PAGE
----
The equations governing this is really useful and comes directly from beam bending theory. Assuming that your mold surface is made of material that has a uniform modulus of elasticity, the half width of the board is L and the height difference between the center of the board and the point at the edge where the jigs clamp down is H, then the equation describing the shape the mold surface takes is

Y(x) = -3H/L^3 (L.x^2/2 – x^3/6) - (profile)

So it’s a bit like a flattened out parabola.

If you are aiming for a concave of say c and for my board the edge of board was at x=L/2 (roughly) then you would determine the height difference H that you need to factor into the design by setting Y(L/2)=c and calculating H.

From my calc this number turned out to be about H=4cm instead of the H=2 that I had assumed. One important implication for the design process is that you would first design the centerline of the rocker profile and then use this H to determine the required radius of the rocker line at the edge of the mold. This is necessary as if you do in the other order then you would end up with a hump in the middle of you board.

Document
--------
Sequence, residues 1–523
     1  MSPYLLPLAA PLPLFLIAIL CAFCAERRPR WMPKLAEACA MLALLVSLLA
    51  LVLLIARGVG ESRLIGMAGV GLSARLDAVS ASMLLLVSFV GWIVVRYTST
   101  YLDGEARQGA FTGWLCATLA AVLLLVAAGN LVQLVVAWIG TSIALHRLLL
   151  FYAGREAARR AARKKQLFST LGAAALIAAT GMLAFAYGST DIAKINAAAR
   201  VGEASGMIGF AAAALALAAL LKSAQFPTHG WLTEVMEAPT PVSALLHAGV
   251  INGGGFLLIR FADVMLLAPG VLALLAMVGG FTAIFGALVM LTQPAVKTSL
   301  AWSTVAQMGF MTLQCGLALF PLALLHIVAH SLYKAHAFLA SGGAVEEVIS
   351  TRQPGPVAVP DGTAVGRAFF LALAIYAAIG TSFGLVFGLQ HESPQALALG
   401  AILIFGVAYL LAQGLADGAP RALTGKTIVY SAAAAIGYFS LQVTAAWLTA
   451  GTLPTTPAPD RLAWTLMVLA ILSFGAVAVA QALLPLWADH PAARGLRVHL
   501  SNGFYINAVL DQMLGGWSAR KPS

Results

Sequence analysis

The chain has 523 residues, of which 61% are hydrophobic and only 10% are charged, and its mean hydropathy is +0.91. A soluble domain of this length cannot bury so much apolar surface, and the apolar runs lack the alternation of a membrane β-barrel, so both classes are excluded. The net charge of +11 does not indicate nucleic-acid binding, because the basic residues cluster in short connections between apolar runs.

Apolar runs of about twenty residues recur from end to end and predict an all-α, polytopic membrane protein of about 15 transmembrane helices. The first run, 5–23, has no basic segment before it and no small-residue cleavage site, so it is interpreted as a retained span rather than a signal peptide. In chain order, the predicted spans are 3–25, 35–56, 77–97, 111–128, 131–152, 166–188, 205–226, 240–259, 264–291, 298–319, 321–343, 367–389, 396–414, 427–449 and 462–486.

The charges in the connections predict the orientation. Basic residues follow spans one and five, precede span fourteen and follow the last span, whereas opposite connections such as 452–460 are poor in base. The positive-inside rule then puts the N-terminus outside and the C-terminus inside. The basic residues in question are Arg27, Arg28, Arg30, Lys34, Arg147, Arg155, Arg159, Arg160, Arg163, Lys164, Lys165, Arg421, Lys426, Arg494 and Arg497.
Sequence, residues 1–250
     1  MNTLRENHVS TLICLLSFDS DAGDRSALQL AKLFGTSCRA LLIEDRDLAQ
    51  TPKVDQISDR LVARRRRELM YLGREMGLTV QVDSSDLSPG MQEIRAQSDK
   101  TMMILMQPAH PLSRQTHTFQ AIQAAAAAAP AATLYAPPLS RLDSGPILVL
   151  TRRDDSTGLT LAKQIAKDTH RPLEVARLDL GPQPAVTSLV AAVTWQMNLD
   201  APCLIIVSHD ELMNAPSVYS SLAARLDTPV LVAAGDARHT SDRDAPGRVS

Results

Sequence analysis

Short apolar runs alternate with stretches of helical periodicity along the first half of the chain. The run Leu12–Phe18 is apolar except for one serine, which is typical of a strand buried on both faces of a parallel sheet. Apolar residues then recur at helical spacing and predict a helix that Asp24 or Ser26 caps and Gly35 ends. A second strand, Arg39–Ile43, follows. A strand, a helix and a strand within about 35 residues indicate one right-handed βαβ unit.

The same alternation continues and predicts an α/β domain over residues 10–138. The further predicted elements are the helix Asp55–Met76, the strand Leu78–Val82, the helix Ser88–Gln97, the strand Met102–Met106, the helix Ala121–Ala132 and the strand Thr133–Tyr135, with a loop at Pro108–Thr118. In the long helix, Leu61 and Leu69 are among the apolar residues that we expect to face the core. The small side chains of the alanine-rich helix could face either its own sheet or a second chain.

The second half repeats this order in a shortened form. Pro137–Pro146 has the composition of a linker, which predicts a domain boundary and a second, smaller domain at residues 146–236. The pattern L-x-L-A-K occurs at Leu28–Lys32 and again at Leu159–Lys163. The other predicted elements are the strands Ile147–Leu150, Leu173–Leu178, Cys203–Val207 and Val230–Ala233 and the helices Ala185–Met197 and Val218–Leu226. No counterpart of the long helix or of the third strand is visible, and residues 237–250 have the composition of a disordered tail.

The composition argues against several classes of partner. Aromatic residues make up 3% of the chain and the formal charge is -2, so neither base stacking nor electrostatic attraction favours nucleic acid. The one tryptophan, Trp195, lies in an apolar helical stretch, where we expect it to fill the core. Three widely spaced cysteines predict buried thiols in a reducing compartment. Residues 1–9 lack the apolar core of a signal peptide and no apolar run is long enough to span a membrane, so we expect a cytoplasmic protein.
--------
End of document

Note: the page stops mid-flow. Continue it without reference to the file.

ii) Second, it turned out to be hard to get the 4mm plywood mold that I used to conform to the jigs exactly as the it ended up causing the plywood to crack if I have put enough pressure on it to get it to conform exactly. This meant that the jig rocker line was flatter that the actual curve of the jig. Again this contributed to the reduction in rocker from the desired 3cm down to 2 cm.

iii) Thirdly, I cut the jig with square edges where the mold surface was going to sit. However, the surface comes in at an angle and so it rested on the inside edge which was higher than mid point where the actual rocker line was designed around. The lesson here is to use a router of the like to shave off the inside edge of the jig.

Together these issues account for most of the loss of curvature. It had been suggested to me that it may have been that the fibreglassed laminate will ‘relax’ after it comes of the jig and I understand that this can be up to 20% of the curve that flattens out. However, I checked the finished board against the rocker table there wasn’t any perceivable relaxation at that stage. Maybe this comes later as the lamination ages.

The rocker table surface